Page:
A petition has been launched for Trinity to include a Black Studies module in its future electives programme following the ongoing debate on racial education in Ireland. The module would be the second of its kind in Ireland.
The petition, which was written and launched by rising Junior Sophister students Jennifer Waters and Claire Stalhuth, states that the desire for a Black Studies module stems from a need for “direct implementation [of racial education] in our classrooms with our students”, and that current Trinity engagement is “not enough”.
“The fact that people are individually tasked with unlearning their racism and are educating themselves on white privilege is proof that our academic institutions have failed us,” the petition outlines.
The petition was launched on social media at 1am on Saturday and had collected twenty signatures by 10.30am. It comes after weeks of global marches and protests in the wake of the violent murder of George Floyd, a black Minnesotan man, at the hands of american law enforcement.
On Friday, Trinity Provost Patrick Prendergast circulated a statement on race equality at Trinity which said that Trinity was committed to “ address[ing] questions of race and ethnicity in this University” with attention to “real structural change”. The statement pointed to the launch of a new Equality Office this autumn, as well as Equality, Diversity and Inclusion (EDI) strategy.
Despite the availability of such courses in other countries such as the United States, the first and only Black Studies module in Ireland, “Black Studies and Critical Race Perspectives in Education”, was launched in University College Dublin (UCD) in 2018. The first Black Studies degree in Europe was first offered by the University of Birmingham in 2016.
The petition’s demand for the Black Studies module as a Trinity elective is accompanied by stipulations that the module be eventually integrated into the standard Humanities and Social Sciences curricula, and be taught by a black professor. This is to prevent a “vacuum of whiteness” which would negate the original purpose of the module.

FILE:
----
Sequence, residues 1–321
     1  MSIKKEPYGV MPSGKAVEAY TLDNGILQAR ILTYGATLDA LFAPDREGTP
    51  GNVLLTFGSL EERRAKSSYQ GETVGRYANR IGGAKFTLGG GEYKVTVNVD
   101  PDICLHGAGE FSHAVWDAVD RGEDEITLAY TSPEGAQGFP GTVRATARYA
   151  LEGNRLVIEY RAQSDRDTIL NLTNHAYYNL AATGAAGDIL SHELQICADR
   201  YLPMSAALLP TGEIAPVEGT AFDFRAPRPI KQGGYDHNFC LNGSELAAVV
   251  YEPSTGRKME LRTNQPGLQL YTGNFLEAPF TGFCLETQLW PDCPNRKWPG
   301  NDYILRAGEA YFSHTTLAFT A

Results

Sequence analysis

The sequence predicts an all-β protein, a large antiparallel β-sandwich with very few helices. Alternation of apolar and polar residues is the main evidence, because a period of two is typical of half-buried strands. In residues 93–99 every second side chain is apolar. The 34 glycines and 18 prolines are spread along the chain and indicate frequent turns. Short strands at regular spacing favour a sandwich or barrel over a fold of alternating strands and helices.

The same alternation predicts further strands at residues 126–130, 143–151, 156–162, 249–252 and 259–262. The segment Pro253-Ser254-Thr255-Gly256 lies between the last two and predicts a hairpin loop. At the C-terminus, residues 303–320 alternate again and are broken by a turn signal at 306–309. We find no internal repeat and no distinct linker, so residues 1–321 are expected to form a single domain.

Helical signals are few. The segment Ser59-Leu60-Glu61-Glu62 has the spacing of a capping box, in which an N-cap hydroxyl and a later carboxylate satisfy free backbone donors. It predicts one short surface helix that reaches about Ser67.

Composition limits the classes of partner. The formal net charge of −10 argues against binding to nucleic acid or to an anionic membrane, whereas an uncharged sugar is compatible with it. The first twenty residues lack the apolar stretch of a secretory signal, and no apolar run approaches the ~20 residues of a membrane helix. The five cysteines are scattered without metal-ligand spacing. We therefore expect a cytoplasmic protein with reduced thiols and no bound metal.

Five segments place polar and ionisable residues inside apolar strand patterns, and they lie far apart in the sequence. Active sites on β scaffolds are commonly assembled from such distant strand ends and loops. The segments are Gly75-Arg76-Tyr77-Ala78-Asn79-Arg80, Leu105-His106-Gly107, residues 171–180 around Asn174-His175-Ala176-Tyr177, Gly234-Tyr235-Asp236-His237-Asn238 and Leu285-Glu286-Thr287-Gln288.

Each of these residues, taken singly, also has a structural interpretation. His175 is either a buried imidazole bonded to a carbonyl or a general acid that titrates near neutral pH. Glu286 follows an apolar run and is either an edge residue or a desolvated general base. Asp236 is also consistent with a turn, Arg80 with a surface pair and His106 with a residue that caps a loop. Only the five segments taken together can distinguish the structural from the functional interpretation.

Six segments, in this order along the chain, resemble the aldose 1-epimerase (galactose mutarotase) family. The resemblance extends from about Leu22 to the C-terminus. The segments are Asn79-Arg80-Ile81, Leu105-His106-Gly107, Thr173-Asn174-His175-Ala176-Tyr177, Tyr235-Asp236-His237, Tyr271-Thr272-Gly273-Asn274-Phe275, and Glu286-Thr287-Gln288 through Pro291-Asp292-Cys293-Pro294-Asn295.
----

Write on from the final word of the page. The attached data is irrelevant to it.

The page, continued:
Unlike current modules which Trinity teaches (such as the 15 credit Political Science module “African Politics”), this module, as an elective, would be widely available to students across faculties and would “enrich the knowledge and experience of the whole student body outside of a previous historiography which dictates the study of Africa or Black people only in relation to their enslavement or subjugation”. Here, the hope is to avoid “the oppression perpetuated by such ignorance”, beginning with education.
When launching the petition, Waters, a Junior Sophister History and Philosophy student), described the potential module as an opportunity to finally get exposed to an identity she relates to, and remembers the (limited) exposure she was given to black identity in her American History module as an instigator of her desire to see greater attention paid to black voices in Trinity: “The deepening of understanding due to a different, repressed perspective was beneficial to everyone, but was especially impactful to me because I was finally exposed to a history I could personally relate to and be proud of.”
Waters also outlined her belief that there is institutional responsibility to aid students in racial education, since “individual education becomes much easier when an institution provides students with a starting point…the structured discourse with a black professor is the best way to achieve an academic as well as inter-relational growth”.
Trinity’s elective modules replaced the previous Broad Curriculum system in 2019, with 1,578 students opting to take one of 26 new elective modules during the first year of their implementation. Electives announced for the 2020/21 academic year encompass areas such as languages, patients’ experience of cancer, internet security and privacy, forced migration, and design thinking.
The electives are available to most Senior Fresh and Junior Sophister students with the exception of most health science students and students studying music education, social work and social policy, European studies, and Joint Honours combinations that include computer science or business studies.